Does Counting Calories Work?
If you’re confused about whether calorie counting is effective, you’re definitely not alone.
What is a calorie?
A calorie is defined as the amount of heat energy needed to raise the temperature of 1 gram of water by 1°C.Calories are normally used to describe the amount of energy your body gets from what you eat and drink.
Calories can also be used to describe the amount of energy your body needs to perform physical tasks including:
- maintaining your heartbeat
If you’re wondering why calories matter, it’s important to understand how your body uses them.
It begins with what you eat. Food and beverages are where your body gets the calories it needs to function. Those calories come from one of the three macronutrients:
- carbohydrates, also referred to as carbs
During digestion, your body breaks down the foods you eat into smaller units.
These subunits can either be used to build your own tissues or to provide your body with the energy it needs to meet its immediate needs.The remainder of the calories you get from foods fuel your physical activity. This includes both your everyday tasks and your workouts. Therefore, the total number of calories needed to cover this category can vary greatly from day to day and person to person.
Once your body’s immediate energy needs are met, any excess energy is stored for future use.
Some of it is stored as glycogen (carbohydrate) in your muscles and liver, and the rest of it will be stored as fat.
On the other hand, if the calories you get from your diet are insufficient to cover your immediate needs, your body is forced to draw on its energy stores to compensate.
This state, known as being in a “calorie deficit” is what causes you to lose weight mostly from your body fat. But keep in mind when too excessive calorie deficit occurs from dietary restrictions or heavy exercise, your body will also pull from protein stores —breakdown of muscle—in addition to burning body fat for fuel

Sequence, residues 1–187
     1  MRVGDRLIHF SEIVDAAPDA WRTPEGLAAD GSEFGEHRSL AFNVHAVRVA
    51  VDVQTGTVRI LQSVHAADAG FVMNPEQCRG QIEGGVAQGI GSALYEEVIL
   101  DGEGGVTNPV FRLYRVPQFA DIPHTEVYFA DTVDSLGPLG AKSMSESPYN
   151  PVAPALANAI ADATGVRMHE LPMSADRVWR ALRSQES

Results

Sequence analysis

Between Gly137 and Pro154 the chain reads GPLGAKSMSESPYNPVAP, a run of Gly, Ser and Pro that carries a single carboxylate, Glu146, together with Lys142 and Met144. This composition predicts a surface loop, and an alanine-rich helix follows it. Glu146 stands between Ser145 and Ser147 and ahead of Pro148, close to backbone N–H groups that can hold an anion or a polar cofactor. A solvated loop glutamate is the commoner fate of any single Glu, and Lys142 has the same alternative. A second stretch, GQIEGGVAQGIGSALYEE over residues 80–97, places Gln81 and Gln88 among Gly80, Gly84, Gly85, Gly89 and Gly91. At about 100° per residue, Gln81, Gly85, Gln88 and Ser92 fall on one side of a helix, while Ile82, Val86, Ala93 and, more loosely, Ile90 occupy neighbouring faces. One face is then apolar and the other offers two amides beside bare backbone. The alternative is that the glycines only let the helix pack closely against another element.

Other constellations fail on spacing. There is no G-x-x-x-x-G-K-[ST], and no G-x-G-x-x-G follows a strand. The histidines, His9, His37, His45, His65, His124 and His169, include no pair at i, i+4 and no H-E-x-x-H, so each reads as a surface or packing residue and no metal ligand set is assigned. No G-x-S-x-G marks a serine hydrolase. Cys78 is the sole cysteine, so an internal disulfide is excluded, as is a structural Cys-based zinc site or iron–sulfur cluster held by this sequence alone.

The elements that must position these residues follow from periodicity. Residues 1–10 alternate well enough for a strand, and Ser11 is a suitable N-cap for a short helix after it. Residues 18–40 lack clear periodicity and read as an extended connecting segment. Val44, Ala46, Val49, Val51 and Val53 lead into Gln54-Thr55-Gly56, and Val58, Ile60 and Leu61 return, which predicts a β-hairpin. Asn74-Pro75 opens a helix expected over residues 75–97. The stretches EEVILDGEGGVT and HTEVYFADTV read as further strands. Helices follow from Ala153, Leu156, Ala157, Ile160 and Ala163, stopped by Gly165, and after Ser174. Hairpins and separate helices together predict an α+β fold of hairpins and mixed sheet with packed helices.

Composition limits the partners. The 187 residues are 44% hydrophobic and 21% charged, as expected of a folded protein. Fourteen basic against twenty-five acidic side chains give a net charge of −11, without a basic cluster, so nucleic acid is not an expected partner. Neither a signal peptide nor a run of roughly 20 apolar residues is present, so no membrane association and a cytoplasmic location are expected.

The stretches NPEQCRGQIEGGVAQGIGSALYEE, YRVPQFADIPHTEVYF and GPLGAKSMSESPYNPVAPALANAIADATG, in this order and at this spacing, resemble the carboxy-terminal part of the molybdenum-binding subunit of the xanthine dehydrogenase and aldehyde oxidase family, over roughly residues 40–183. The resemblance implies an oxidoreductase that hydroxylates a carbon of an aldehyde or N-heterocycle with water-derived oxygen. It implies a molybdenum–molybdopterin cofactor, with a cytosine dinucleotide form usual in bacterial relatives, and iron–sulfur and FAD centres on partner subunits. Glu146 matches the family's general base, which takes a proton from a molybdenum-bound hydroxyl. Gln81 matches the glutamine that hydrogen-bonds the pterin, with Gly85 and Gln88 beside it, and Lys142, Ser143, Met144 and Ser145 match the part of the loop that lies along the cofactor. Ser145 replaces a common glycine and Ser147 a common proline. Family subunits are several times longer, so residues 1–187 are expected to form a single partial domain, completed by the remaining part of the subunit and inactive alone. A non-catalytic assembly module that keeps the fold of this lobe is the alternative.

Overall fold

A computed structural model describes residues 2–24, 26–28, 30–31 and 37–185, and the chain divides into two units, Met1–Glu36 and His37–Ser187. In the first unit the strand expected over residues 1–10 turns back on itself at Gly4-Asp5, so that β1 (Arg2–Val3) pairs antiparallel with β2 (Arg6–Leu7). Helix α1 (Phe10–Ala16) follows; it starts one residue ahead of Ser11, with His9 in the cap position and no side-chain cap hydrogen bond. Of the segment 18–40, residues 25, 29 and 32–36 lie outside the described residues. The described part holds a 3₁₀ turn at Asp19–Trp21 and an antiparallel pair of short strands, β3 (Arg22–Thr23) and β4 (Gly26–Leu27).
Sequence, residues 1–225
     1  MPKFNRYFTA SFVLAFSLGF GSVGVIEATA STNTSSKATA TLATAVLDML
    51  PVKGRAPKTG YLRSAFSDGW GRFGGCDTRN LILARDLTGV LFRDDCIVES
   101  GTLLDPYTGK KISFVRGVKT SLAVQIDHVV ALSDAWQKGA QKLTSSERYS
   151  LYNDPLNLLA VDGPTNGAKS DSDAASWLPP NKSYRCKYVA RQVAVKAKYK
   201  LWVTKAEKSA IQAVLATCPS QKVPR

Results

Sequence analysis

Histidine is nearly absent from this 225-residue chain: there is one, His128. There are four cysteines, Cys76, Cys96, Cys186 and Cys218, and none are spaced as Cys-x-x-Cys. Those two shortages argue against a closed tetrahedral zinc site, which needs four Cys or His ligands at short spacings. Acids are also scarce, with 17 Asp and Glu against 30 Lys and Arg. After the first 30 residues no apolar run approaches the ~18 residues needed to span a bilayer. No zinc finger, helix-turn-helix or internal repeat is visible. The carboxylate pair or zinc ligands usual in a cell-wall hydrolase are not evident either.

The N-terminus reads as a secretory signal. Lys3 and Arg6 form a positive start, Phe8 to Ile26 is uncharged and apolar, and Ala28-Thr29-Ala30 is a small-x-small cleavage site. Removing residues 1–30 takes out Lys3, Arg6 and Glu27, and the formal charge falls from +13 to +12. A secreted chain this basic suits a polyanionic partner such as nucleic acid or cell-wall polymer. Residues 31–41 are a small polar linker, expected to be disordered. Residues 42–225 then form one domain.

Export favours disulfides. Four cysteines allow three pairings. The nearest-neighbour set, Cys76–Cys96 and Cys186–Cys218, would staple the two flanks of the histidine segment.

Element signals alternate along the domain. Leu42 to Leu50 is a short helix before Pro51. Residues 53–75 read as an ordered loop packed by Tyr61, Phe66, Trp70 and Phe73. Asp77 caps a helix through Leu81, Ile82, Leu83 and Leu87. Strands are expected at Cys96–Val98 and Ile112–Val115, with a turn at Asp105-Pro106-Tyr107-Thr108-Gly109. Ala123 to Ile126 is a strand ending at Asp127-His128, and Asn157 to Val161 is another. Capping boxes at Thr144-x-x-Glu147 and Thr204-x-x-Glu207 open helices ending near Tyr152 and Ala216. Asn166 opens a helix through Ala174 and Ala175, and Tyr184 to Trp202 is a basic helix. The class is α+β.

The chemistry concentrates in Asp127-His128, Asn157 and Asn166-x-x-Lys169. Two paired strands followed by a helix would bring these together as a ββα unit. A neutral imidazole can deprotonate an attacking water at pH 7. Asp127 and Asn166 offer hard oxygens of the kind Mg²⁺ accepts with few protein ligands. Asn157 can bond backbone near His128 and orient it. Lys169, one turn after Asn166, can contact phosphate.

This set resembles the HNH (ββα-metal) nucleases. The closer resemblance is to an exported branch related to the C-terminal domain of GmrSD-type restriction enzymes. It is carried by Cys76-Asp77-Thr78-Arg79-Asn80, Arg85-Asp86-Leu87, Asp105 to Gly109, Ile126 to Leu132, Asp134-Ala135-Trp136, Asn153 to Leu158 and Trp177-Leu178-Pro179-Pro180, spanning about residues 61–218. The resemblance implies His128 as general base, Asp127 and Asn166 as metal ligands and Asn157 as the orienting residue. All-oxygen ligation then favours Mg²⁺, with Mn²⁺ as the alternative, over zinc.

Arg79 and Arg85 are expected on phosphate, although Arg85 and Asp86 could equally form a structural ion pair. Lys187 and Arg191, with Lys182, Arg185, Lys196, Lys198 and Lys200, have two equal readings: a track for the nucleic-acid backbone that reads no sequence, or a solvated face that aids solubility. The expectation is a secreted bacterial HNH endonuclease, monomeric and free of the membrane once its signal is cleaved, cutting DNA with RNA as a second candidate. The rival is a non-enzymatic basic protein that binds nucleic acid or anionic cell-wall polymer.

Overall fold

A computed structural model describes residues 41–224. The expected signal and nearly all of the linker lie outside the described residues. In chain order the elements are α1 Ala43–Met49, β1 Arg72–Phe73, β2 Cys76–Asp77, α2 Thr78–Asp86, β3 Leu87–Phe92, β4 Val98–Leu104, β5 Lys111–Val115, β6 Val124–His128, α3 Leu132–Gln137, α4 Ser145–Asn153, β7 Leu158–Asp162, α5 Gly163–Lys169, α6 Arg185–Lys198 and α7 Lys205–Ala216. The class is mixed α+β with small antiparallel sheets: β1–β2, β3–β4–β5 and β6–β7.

This calorie balance concept has been proven time and time again and persists whether your calories come from carbs, fat, or protein.
It’s important to make the distinction between quantity and quality. Even foods that have the same quantity of calories can be of different nutritional quality and can have very different effects on your health.
So should I count calories?
Counting calories isn’t necessarily a bad idea, but they’re just one piece of the puzzle. As a society, we fixate on them but they don’t give you everything you need to know – they tell you how much you’re eating but not what you’re eating. It’s worth remembering there’s a significant difference between calories and food quality.
You could eat 1000kcal of doughnuts and lose weight or 1000kcal of salmon, rice and broccoli and also lose weight. But it will be much harder to lose weight eating doughnuts because they’re not as filling as salmon, rice and broccoli. The latter is also a healthier meal and is likely to leave you feeling better and able to do more things, but you wouldn’t know that just by looking at the calories.